The Dark Side of Variable Annuities

Image by Shutterstock.com

During your early life, you probably rode the ebb and flow of the market, hoping to hit that investment “home run.” And why not? Even though you suffered losses from time to time, you were confident that you would bounce back, and you knew you had plenty of time to recover before retirement.

As time passes, investing approaches change. Retirement is when most people think about protecting and preserving their assets, not making big market moves.

Today, the return of your principal is more important than the return on your principal, which is undoubtedly true for most people. The variable annuities some retirees rely on for a regular income may not be the best option for them.

 Your money may not be safe.

Brokers often lead clients to believe that variable annuities are safe, which is not the case. Your principal is not protected when your money is invested in mutual funds.

“Variable” is the name of the annuity, meaning the principal varies, as opposed to a fixed annuity, where the principal is guaranteed and backed by the insurance company’s financial strength. The performance of mutual funds determines the cash value of a variable annuity, so it generally depends on market fluctuations.

Get the cash value of your variable annuity from your insurance company’s customer service representative on October 12, 2007, and March 6, 2009. The top-to-bottom market value is shown here. By then, you will know what you lost during the last major crash and how much it has grown since March 2009. Hopefully, you are far ahead of where you were in 2007 before the last crash or at least broken even at this point.

What if you had purchased your variable annuity after 2009 and enjoyed the bull market for over a decade? Ask your insurance company what the value of your annuity was on February 19, 2020, and again on March 23, 2020. It will be possible for you to see how much your principal was lost in the six-week COVID crash, which should give you an idea of how much your principal is at risk.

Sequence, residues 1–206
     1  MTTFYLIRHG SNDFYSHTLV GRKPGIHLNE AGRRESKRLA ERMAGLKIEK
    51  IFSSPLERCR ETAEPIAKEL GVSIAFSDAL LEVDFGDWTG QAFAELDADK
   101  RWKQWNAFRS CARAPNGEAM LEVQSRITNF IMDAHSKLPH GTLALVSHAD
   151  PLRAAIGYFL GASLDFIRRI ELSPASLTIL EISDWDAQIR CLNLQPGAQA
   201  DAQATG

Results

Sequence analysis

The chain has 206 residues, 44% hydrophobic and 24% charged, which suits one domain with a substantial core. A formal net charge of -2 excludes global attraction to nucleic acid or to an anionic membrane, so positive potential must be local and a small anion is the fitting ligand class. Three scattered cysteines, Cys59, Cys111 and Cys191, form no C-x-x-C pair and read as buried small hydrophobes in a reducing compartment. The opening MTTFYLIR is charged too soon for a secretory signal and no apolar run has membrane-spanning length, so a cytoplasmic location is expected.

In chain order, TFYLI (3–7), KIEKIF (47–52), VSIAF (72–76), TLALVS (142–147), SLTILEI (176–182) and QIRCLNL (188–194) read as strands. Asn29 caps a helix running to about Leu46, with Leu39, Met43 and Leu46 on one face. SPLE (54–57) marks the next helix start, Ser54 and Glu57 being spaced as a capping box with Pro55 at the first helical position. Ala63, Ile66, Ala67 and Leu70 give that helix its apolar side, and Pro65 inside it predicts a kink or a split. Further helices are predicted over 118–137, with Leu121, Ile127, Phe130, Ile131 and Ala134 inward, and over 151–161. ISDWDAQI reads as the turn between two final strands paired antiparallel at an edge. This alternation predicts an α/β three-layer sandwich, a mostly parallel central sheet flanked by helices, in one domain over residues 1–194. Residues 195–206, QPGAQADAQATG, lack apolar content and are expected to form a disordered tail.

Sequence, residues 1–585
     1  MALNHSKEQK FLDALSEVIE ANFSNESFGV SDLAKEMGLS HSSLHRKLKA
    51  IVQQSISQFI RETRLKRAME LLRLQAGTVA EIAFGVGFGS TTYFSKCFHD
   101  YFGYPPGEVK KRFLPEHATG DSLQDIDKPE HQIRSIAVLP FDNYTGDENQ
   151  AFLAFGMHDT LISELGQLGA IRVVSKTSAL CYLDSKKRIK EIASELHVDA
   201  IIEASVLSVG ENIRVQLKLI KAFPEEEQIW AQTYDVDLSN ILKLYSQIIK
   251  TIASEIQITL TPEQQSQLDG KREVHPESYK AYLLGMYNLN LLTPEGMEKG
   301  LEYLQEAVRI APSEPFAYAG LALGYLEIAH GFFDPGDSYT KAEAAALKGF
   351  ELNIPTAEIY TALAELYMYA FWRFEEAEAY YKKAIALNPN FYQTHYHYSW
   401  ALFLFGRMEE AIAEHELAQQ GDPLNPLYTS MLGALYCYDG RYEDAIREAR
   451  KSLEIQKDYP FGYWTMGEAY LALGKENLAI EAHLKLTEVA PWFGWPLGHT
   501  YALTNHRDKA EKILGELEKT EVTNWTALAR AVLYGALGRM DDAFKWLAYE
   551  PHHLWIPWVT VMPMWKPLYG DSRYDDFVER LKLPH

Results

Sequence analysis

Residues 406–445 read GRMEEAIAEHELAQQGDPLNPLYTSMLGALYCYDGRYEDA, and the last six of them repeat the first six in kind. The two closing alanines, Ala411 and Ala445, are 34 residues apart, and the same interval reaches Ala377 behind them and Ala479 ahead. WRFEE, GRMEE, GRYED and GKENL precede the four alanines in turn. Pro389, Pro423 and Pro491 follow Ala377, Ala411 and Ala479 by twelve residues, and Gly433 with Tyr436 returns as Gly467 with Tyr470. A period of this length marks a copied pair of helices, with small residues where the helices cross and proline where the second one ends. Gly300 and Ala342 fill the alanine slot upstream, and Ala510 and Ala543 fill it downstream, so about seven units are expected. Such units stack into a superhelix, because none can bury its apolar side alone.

If your goals and needs have changed and you are more concerned with keeping your fees low and preserving your wealth, then it may be time to adjust your retirement strategy to meet your needs and goals.

Variable annuities come with a number of fees.

The hidden fees of variable annuities can eat away at your investment performance and leave nothing for your beneficiaries. There are typically up to five different fees associated with variable annuities! For more information about your specific fees, call your variable annuity customer service line:

  • Fee #1: Mortality and Expense (M&E) Fee
  • Fee #2: Administration or Distribution Charge
  • Fee #3: Mutual Fund Manager Expense (typically averages about 1%)
  • Fee #4: Income Rider Fee, if applicable
  • Fee #5: Death Benefit Rider Fee, if applicable

Your income rider value is not your cash value.

Brokers often tell their clients that money in a variable annuity is safe and cannot be lost. It’s not true since your variable annuity’s cash value fluctuates based on the mutual funds you invest in, minus the potentially high annual fees.

Generally, your broker is referring to an added income rider, which can grow at 6% per year. Many believe they are earning 6% of their money and will be able to walk away with this lump sum growth of 6% in the future. It couldn’t be further from the truth. To be able to pay you 6%, the broker a commission, and still make a profit, the insurance company would have to earn approximately 9% a year to pay you 6%. Since insurance companies must invest mainly in corporate bonds, they typically make closer to 5% per year. Therefore, they cannot pay you 6% and still have a profitable product.

This means that only your income rider is growing at 6% per year, and if you want to walk away with a lump sum in the future, you won’t get the 6% growth income rider value. Instead, you will receive your cash accumulation value, less the annual fees you paid each year, based on your mutual fund results.

The 6% rider says that you will be able to turn on a guaranteed pension for life sometime in the future, even if you outlive your money. That sounds good, but it is not exactly what it sounds like.